What Will an Injunction Do for You?
- It will legally prevent an alleged abuser from committing any further acts of violence to you or from threatening you.
- It may provide you sole possession of a dwelling you and respondent shared.
- It may restrain the respondent from going to, in or within 500 feet of petitioners residence, place of employment, place of school, or places you and your family frequent.
- It may provide no contact between the parties, in any manner.
- It may require the respondent attend counseling, treatment or a batterer's intervention program.
- It may require the respondent not possess a firearm or to surrender any firearms to law enforcement.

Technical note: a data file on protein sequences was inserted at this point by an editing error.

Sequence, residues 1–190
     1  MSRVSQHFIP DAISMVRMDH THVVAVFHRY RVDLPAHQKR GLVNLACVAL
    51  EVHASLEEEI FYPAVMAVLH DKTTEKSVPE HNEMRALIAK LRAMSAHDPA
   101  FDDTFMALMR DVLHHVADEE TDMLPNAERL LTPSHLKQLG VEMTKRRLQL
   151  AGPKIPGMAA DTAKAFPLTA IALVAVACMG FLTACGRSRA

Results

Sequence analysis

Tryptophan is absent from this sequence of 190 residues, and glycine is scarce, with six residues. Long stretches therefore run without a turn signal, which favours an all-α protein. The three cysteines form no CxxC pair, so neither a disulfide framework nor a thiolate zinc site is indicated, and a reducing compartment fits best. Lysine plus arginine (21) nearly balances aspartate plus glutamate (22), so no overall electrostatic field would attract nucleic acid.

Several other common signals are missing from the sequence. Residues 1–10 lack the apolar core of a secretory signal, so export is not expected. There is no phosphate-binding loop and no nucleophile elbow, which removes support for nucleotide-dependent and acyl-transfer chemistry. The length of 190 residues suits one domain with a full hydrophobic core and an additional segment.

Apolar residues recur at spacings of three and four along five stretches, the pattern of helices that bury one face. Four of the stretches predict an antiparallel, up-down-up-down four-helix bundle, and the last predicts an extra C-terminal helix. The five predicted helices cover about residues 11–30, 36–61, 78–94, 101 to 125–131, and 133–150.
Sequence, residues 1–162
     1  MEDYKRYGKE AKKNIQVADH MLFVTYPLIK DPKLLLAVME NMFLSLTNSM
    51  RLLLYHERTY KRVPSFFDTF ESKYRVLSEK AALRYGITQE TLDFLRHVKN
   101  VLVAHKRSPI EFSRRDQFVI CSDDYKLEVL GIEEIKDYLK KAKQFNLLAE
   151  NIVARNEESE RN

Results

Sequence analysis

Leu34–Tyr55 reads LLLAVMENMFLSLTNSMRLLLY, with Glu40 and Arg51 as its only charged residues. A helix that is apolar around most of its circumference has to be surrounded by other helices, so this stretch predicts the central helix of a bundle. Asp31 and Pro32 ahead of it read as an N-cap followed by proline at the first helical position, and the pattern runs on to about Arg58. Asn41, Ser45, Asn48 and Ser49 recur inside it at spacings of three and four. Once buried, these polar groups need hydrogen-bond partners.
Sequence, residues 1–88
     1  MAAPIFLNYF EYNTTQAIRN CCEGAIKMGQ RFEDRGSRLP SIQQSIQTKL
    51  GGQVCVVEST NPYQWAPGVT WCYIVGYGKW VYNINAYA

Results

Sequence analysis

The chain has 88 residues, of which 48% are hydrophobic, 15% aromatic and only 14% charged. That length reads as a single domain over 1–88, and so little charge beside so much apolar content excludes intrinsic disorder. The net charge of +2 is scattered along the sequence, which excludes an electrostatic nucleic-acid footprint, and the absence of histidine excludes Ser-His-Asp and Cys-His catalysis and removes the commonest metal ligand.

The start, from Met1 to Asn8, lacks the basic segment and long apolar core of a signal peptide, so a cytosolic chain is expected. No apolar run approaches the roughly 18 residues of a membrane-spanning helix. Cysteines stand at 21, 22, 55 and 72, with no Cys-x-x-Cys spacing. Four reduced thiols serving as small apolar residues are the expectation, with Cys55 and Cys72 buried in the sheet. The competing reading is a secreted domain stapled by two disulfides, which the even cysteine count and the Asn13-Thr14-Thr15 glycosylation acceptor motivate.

- It may address a parenting plan and time-sharing of any minor child(ren) between the parties.
As petitioner, you will be sworn under oath as to the truth of the allegations of abuse entered on your petition, under the penalty of perjury. The court will review your petition, and based on the allegations of abuse determine to grant or deny the Injunction.
If the court grants the injunction, there will be a hearing on the extension of that injunction within 15 days from the date of issuance of the Temporary Injunction. The clerk will process the Temporary Injunction to the Sheriff's Department who has jurisdiction over where the respondent may be found, for personal service.
The County Office of Victim Services (located at each courthouse) will assist petitioners in filling out the paperwork, which will then be filed in the Clerk & Comptroller's Domestic/Repeat Violence Department.
Domestic, Dating, Repeat and Sexual Violence forms are available at www.flcourts.org.